burnett,b_thesis_2014 Toward a Dialectic Account of Objectivity in Historical Inquiry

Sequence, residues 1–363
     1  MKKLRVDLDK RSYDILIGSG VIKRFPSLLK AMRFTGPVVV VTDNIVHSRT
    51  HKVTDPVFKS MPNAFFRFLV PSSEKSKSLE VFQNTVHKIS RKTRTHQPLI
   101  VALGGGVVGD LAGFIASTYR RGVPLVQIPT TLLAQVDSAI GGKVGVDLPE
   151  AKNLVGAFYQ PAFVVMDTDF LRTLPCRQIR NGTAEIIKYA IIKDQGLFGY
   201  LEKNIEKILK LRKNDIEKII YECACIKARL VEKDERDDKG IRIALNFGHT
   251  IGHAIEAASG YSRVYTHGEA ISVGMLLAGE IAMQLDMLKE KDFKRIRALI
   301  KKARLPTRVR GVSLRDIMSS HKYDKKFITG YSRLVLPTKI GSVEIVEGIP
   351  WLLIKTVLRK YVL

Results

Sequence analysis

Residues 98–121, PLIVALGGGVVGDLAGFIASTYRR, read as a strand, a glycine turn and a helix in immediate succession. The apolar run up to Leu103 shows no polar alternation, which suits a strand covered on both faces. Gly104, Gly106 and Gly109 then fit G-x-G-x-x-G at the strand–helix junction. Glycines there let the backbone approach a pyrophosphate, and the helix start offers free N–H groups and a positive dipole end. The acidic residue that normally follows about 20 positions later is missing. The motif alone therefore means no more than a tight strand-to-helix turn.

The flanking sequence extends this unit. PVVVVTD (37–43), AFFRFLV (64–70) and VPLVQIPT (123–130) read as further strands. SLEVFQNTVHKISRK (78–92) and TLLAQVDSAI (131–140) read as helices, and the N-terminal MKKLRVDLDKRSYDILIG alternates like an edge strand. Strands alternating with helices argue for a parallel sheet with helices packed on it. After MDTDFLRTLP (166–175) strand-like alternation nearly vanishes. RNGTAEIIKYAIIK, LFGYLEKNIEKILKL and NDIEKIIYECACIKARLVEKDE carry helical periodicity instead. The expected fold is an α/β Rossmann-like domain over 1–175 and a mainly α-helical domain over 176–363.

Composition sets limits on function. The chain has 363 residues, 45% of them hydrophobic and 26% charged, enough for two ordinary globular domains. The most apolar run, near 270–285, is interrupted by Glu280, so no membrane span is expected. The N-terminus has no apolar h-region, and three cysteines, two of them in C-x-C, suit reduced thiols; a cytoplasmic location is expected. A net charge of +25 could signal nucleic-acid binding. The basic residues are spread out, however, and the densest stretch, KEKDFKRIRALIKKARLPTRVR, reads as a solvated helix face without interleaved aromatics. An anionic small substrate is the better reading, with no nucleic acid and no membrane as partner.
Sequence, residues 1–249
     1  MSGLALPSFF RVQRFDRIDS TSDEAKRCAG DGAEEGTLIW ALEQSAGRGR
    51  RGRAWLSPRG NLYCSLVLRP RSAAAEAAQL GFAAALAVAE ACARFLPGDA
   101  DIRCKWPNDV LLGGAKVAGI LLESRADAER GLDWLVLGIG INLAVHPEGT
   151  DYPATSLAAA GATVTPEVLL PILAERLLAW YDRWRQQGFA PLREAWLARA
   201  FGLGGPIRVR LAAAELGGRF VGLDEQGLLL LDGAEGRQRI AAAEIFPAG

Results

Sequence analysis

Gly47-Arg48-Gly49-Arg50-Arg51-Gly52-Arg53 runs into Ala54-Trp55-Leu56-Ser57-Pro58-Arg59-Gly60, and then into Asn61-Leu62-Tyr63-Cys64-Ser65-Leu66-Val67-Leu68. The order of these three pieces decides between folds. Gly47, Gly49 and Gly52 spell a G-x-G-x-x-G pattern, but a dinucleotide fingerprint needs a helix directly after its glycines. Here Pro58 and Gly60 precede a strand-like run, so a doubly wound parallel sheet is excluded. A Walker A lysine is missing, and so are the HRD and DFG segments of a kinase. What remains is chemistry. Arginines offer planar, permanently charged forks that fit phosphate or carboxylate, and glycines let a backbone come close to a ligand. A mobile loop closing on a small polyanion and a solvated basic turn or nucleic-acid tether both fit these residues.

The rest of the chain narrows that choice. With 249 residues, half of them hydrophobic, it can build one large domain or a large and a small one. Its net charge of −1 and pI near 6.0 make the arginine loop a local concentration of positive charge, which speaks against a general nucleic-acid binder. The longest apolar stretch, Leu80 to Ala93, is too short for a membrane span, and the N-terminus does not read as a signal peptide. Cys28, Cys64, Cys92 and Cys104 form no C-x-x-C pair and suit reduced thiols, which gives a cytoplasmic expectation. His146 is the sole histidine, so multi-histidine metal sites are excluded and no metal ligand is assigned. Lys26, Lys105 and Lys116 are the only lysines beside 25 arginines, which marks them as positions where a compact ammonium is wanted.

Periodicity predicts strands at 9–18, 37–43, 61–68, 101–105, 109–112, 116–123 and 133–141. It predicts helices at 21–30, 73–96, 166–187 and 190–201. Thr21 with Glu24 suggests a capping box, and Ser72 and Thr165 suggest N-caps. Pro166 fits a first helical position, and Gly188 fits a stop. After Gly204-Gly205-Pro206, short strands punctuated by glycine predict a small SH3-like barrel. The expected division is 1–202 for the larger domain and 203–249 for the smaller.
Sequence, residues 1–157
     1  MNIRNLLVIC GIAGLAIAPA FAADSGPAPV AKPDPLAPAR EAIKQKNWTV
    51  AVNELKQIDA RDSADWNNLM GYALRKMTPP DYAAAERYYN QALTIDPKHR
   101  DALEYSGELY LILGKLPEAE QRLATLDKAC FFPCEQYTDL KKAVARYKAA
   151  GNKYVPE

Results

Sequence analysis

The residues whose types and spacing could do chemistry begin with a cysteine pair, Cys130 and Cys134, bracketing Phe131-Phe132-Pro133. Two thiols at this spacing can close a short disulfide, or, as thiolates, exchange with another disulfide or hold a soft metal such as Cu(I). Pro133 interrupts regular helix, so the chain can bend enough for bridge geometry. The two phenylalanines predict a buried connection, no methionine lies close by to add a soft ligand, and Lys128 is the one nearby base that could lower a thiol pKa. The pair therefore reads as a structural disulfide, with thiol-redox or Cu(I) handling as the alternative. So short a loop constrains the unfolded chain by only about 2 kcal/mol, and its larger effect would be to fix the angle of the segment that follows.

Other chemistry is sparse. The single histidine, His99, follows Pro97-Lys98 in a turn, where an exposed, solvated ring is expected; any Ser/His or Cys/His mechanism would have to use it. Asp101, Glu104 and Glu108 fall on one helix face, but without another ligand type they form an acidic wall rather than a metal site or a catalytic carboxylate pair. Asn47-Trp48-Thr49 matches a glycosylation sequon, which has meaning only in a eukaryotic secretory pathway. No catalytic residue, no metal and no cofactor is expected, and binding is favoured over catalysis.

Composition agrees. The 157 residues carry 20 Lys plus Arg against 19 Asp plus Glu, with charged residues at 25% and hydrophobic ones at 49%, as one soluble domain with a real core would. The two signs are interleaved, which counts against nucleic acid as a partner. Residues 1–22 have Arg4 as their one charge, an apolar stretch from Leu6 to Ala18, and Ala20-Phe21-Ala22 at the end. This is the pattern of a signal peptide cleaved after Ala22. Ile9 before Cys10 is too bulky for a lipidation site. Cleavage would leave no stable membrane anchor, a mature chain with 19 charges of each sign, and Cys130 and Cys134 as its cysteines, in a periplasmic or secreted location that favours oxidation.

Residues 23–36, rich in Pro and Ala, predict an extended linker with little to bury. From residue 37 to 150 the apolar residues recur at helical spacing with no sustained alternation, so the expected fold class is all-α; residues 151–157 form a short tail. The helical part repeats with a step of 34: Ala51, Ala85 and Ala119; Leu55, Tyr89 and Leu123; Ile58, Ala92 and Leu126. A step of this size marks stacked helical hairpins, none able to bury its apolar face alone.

This thesis is a work in the Philosophy of History. In it, we undertake the task of explicating a case defending a particular account of objectivity in historical inquiry, namely, a dialectic account of objectivity. Initially, we introduce the issue with a preamble with respect to the history of the objectivity question in the historical profession, and how objectivity has been typically cast in it. The core argument then proceeds in three steps. First, we discuss Thomas Nagel’s account of the absolute conception, which leads to the intuitive conclusion that truth is something ‘out there’ that is accessible by us. Second, we defend Bernard Williams’ account of the genealogical conception of truth, supporting the contention that truth is something we ought to value, and that particular virtues of truth such as Sincerity and Accuracy follow from this. Following on from this, we derive the third and final step, namely, the dialectic conception of objectivity, whereby both the absolute and external nature of truth and the value we place on truth and its virtues implies that we need to do the best that we can to strive to find out what the truth is, and a person counts as being more or less objective according to the relevant degree to which he or she employs particular truth-conducive virtuous characteristic traits with that aim across the course of his or her inquiry. Finally, we end with a brief note on the application of dialectic objectivity to historical inquiry specifically, and propose some suggestions for further research.